A259
You must make a professional judgement about whether a patient would benefit from a prescription for a low refractive error, for example small hypermetropic corrections in children. 
A260
If you supply prescriptions of less than +0.75 R&L, to children for example, you must: 
  1. be sure of the clinical need for the spectacles
  2. be able to explain the reason for prescribing them, and
  3. keep a record of the reason and any advice given.
A261
If you make a small change to an existing prescription you must: 
  1. be clear about the benefit of the change, and
  2. keep a record of the reason and any advice given.
A262
If you are unable to provide the justifications in paras A260-A261, the Counter Fraud Services may consider you have been over-prescribing and take action against you, see para A263.


Information on small prescriptions

A263
The following examples should assist you in deciding whether or not a prescription is likely to be beneficial:
  1. plus prescriptions of less than +0.75DS (binocularly) are unlikely to be of benefit to children under 16, unless there are clinical indications for giving such a low prescription or there are persuasive psychological reasons for doing so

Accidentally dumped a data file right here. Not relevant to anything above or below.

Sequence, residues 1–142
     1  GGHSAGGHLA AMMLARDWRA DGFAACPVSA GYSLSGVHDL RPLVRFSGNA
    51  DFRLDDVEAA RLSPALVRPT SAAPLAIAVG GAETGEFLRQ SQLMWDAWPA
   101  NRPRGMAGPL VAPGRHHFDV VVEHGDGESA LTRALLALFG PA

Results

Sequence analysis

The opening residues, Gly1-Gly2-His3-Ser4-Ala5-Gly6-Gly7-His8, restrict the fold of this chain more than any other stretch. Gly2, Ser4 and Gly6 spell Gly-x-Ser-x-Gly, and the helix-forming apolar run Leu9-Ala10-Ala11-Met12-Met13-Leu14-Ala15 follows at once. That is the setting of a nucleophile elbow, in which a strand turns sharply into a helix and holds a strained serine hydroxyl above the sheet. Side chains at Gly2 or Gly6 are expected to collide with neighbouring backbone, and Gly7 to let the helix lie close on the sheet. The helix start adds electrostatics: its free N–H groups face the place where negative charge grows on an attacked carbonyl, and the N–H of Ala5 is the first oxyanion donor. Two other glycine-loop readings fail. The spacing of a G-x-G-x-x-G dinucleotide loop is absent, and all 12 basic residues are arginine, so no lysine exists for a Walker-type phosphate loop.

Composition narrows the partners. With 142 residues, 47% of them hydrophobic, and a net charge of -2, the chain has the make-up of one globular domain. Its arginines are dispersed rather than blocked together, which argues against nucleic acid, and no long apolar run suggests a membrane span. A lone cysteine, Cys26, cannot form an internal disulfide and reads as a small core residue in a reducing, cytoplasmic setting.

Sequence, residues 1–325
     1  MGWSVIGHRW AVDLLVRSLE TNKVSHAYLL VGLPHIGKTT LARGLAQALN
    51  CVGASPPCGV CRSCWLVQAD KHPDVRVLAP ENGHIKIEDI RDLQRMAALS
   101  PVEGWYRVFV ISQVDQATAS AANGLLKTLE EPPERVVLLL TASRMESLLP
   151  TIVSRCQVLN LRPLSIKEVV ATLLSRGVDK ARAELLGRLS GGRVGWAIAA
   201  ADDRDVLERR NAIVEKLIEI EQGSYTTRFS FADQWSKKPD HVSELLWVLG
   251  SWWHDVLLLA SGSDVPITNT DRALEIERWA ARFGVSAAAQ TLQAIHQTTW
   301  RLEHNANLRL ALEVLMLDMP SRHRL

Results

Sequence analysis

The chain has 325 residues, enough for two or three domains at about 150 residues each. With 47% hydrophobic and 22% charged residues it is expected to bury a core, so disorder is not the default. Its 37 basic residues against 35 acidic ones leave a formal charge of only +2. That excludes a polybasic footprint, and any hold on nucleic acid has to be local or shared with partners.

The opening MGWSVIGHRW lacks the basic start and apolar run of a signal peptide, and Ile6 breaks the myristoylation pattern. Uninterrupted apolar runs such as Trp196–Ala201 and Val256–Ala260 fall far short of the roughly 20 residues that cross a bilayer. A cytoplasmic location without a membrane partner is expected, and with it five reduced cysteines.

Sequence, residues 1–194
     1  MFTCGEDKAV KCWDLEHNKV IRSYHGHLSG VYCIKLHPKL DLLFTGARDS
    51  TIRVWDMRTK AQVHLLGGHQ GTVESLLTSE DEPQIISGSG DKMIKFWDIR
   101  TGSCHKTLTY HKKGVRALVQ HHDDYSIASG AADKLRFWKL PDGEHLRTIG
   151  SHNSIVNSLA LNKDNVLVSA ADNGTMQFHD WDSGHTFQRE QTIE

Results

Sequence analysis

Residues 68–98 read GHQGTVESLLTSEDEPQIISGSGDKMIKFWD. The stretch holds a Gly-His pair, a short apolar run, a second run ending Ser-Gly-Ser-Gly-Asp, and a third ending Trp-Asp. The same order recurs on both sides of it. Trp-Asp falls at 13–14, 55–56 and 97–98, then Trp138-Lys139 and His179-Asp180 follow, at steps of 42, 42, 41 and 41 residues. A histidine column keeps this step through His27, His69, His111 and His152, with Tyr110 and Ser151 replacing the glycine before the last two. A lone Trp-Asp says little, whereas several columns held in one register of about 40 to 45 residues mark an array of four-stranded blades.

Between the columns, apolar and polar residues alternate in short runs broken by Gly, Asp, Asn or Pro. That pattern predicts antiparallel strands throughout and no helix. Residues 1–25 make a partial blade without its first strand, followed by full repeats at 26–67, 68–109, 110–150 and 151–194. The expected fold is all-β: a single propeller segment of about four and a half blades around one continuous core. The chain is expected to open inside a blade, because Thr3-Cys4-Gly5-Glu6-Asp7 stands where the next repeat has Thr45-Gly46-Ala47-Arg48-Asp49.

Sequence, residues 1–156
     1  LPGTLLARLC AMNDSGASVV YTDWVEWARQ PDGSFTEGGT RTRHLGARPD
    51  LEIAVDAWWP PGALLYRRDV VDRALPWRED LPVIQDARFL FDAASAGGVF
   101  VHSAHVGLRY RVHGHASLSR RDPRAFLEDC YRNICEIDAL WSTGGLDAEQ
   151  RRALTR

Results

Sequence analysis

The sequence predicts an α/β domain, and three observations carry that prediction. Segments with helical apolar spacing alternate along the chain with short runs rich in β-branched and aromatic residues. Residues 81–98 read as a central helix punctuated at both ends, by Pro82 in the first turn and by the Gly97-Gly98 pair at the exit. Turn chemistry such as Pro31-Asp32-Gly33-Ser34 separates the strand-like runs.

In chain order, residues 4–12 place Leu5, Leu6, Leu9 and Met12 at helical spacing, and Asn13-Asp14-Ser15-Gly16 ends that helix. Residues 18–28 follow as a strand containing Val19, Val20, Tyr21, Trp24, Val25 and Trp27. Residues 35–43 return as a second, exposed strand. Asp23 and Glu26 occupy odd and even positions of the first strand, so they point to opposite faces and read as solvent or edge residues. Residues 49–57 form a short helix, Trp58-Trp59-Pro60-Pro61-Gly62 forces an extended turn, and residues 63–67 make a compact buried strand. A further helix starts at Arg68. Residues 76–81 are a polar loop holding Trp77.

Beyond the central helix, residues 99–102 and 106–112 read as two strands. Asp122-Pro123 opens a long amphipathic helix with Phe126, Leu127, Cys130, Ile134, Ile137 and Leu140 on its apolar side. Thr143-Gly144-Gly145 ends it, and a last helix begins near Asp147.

2. factors to consider include:
    • a particularly low amplitude of accommodation
    • ocular muscle balance problems at distance and/or near
    • low fusional reserves, and
    • poor health of a patient resulting in the need to correct low degrees of ametropia. If this is likely to be of short duration, you should consider whether the prescription will still be necessary when the patient’s health improves
  3. if a low prescription is found in one eye only you should consider the points above and in particular whether the patient will benefit from such a low prescription in one eye only
  4. if you decide to prescribe a small prism (less than 1 prism horizontally or 0.5 prism vertically) you should take into account all the clinical factors including the patient’s ocular muscle status, and whether the use of the prism is appropriate. You should consider any presenting symptoms
  5. a small change in prescription (e.g. +0.25DS extra in both eyes) may be justifiable in some circumstances but not in others. For example changing a +1.00DS reading prescription to a +1.25DS may well have significant benefits to the patient whereas changing a +8.00DS to +8.25DS is likely to have much less effect
  6. you should consider factors such as the patient’s visual acuity and ocular muscle balance. A small prescription change in a patient with poor visual acuity may not be as significant as one in a patient with good visual acuity
  7. in very high powers you should be aware that the manufacturing tolerances and/or the effect of very small changes in back vertex distance make 0.25DS changes meaningless.

Pupillary distance (PD)

A257
The PD is one of several facial measurements that are taken as part of the dispensing process. It is not part of the prescription.